The Autism Assistance Dogs Ireland does amazing work all over Ireland helping Autistic children and their families. They are always looking for people to Foster dogs and help with other aspects of the organisation – such as boarding and fund raising – so we chatted to Annemarie who Foster puppies and helps train them before they go to their new homes. She gave us all the details of what it’s like to be involved with such an amazing organisation.
What Work Does Autism Assistance Dogs Ireland Do?
AADI – Autism Assistance Dogs Ireland is a national charity that provides highly trained assistance dogs for children with autism and their families. Their dogs are specially trained to provide safety, independence, and companionship to children who would otherwise live in a very isolated world.
These dogs help to transform the lives of children and their families as it allows them to go places that they otherwise may have stopped going. A trip to the shop can be extremely stressful for a child with Autism and having an assistance dog makes these types of everyday activities possible.
How Did You Get Involved With AADI?
I saw an ad on Facebook looking for foster puppy carers. It takes up to 2 years to train each dog, so initially, the pup is placed with a Puppy Foster Carer. They are all volunteers and bring up the pup for the first 12 months ensuring it is well socialised so that it can become a suitable assistance dog.
Jamie our 9-week old puppy comes everywhere with us so that we can get him used to as many different places as possible, for example, shops, cafes, cinema, the beach, schools, the city, the train, the bus, anywhere really that a child would go.
He also needs to be used to meeting lots of people, children, and other animals too. He needs to get used to different sounds like noise in the city, cars, music etc. He also needs to learn basic training and how to walk properly on the lead and how to behave in the house, shops, cafes etc.
Tell Us About Your Experience with The Fostering Process?
The fostering process is quite simple. I rang the AADI office in Mallow and said I was interested in becoming a Foster Carer. I asked what was involved with fostering, I was given all the information and then a supervisor came to my home. We talked about my family, health, the other animals I have, if I worked and my garden. Then my house and garden were inspected. After a few days, I was told all was fine and I would be getting a puppy in a few weeks. First Bailey came into our lives and home and now we have Jamie.
My experience so far is great. It’s hard work as it’s like having a baby/toddler in the house. It takes work and lots of patience but it is so rewarding. A foster carer needs to be at home and to treat the puppy like a member of the family, but also be strict with its training.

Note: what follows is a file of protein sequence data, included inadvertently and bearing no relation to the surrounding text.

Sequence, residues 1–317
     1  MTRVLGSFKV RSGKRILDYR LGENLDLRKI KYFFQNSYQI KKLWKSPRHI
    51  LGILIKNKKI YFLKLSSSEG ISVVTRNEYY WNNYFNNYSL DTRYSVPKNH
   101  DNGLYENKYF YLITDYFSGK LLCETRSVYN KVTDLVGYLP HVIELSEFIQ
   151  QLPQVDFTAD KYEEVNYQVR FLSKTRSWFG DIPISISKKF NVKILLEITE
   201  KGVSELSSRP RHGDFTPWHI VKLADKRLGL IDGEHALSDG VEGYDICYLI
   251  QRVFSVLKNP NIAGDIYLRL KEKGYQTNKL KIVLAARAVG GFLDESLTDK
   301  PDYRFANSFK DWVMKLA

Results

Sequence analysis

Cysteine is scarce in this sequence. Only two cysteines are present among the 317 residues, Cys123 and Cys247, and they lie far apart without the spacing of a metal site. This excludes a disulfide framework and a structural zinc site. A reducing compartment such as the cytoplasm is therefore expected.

What Are the Pros and Cons of Fostering?
The Pros are that it’s a puppy and nearly everyone loves puppies. It’s rewarding seeing them do things you have been training them to do. Knowing what they are working towards and being a part of their journey and getting to make friends with other foster carers
The cons are letting them go when their time is up with you. It’s sad as you have bonded with the puppy, but to know that they are going to their forever family is fab.
What Support Do You Get From The AADI?
The support is brilliant, help is always at the other end of the phone if I have a query or problem. A supervisor also comes to my home to check in with us and the puppy and we also do puppy classes. Everything is provided by AADI for the puppy – food, bedding, vet bills etc.
If Someone Can’t Foster Then How Else Can They Help The AADI?
If you can’t foster you can help with Fundraising, All money comes from fundraising and voluntary donations, so volunteers are vital to the success and growth of AADI.
It costs €15,000 to train each dog and all their money is raised through fundraising events.
If you can’t foster full time then AADI are looking for long term boarders, short term boarders, and evening and weekend boarders.
Long Term Boarders
This is a similar role to fostering but for a shorter period of time of up to 6 months. Also, the pups will vary in age.
Short Term Boarders
As a short-term boarder, you would provide holiday cover from a weekend to 3 weeks at a time.
Evening and Weekend Boarders
If you are available evenings and weekends to mind the dogs when they are not at work this can be a great option to cover short time periods. You do need to live in the Blarney area to take part in this so dogs can be dropped off and collected.
Where Can Someone Get In Touch If They Want To Help Out?
TEXT “AUTISM” TO 50300 TO DONATE €4 TO AADI
100% of text cost goes to autism assistance dogs Ireland. some providers apply vat which means a minimum of €3.26 will go to the charity.